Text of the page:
Baseball cards and other sports cards are always in danger of being damaged. They are naturally fragile products, since most — especially the older, more valuable cards — are made of pressed paper and ink. Everyone knows paper is fragile: it bends, absorbs liquid and is subject to any number of indignities.
For example, the square edges of cards can get nicked. You may find an odd fold or crease in the card. If the cards are old enough or haven’t been protected well enough, you may see cards with humidity stains, thumb prints, food stains or even cup ring stains!
Then there are the cards that were imperfect from the start. Card companies still sell baseball cards that are imperfect. They print cards in vast sheets. Those sheets are cut into individual cards that go into packs. While they’re better at it now, years ago, those cuts weren’t always accurate, leaving cards that are the right size, but with cuts that are past the normal borders.
Back in the days when companies sold baseball cards with tobacco or bubble gum, many cards — well, one per pack, at least — came out of the package with stains. Gum stains are the most common type of packaging stain, but you may also find cards with glue stains, smeared ink or a double image.
Unscrupulous dealers or individuals may try to alter a card’s appearance when they sell baseball cards to deceive buyers. Some of the ways that people purposefully manipulate sports cards include:
- Fixing corners, to make them sharper
- Bleaching, to hide stains or other marks
- Restoring color, to make the card look less worn
- Removing stains, to improve its appearance using chemicals
- Cutting edges, to clean up the corners and edges to make the card look cleaner
Most manipulations leave trace evidence that the fix was made. Corners or edges look as if they haven’t aged with the rest of the card. Bleach leaves a funny smell. New color doesn’t match the original and bleeds. Grading experts can usually tell when a card has been doctored. Whether you buy or sell baseball cards, have the card authenticated by a professional service. Then you’ll know its true value.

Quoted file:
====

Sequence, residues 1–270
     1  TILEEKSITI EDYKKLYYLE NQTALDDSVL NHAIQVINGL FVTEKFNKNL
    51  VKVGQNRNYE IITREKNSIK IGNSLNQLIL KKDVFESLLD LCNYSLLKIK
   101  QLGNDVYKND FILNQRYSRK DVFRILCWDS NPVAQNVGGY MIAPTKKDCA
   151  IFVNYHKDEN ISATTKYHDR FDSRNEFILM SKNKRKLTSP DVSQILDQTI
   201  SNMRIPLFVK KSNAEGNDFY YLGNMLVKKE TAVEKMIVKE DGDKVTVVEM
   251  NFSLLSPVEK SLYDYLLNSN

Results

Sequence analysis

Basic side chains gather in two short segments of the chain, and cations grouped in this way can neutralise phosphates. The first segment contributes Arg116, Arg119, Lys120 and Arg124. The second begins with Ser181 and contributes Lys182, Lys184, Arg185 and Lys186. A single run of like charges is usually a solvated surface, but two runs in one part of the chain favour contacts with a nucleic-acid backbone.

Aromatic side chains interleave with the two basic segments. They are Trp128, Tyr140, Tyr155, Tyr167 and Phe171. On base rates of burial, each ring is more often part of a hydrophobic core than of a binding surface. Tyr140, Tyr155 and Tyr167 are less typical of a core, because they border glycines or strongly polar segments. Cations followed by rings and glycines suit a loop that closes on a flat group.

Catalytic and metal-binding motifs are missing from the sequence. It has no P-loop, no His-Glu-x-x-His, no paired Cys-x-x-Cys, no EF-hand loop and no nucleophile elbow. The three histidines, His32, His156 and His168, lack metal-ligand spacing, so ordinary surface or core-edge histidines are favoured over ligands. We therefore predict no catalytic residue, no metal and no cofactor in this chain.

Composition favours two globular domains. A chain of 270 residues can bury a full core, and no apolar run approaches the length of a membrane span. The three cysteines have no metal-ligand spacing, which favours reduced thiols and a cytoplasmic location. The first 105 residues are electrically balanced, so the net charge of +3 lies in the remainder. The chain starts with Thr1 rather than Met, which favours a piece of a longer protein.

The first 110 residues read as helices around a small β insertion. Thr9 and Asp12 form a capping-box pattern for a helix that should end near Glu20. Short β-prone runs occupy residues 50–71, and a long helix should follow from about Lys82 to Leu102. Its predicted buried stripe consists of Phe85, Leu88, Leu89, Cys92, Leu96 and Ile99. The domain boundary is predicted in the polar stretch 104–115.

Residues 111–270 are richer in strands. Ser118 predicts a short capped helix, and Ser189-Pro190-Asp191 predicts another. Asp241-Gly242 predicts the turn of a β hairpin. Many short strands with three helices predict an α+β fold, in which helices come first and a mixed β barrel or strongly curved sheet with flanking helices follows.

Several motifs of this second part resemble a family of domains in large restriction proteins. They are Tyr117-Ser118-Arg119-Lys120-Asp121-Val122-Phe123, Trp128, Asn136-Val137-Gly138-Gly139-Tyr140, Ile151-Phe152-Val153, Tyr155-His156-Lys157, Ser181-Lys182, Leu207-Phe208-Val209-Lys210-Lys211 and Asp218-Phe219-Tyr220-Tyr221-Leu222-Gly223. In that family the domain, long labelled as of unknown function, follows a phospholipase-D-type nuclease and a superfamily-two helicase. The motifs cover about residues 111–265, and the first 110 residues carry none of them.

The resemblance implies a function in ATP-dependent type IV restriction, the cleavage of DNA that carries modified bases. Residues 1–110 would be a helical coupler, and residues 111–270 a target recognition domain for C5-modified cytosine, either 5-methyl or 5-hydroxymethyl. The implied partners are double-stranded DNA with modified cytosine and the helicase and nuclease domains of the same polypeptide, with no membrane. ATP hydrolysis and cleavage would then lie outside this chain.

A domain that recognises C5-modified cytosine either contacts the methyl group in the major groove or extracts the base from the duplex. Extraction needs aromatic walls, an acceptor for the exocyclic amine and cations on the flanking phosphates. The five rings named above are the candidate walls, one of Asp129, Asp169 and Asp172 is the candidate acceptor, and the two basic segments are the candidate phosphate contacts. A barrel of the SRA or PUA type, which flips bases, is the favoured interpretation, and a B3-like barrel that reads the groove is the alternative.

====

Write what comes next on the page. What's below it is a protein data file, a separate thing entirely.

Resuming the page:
What to Do About Defects
All sports cards are rated 1 to 10, which reflects the condition of the card. A PR-FR-1 grade means the card is poor to fair in quality, with worn edges, scratches or stains. On the other end of the scale is a GEM-MT-10 rating or gem mint, which is a card in perfect condition.
If you’re looking to sell baseball cards, defects decrease the value of your cards. Every defect, whether print-related or age-related, reduces the value of the card — and doesn’t matter if the card depicts Hank Aaron or Paul Zuvella. You’d best accept the card condition as it is, because trying to fix the problems can destroy any value your cards have.
Leave Them Alone!
Every defect drops a card’s grade two points or more, depending on the defect. An otherwise perfect card that was printed off-center (a packaged problem) will never be graded as a GEM-MT-10. You can say the same for a clean-looking card that shows evidence of cut edges.
While new technologies have emerged that purport to make undetectable card repairs, they haven’t been embraced by all card collecting hobbyists. You risk any value your card holds if you subject it to any kind of repair. Before you sell baseball cards, just keep them clean and properly stored to protect them — that’s the most you should do.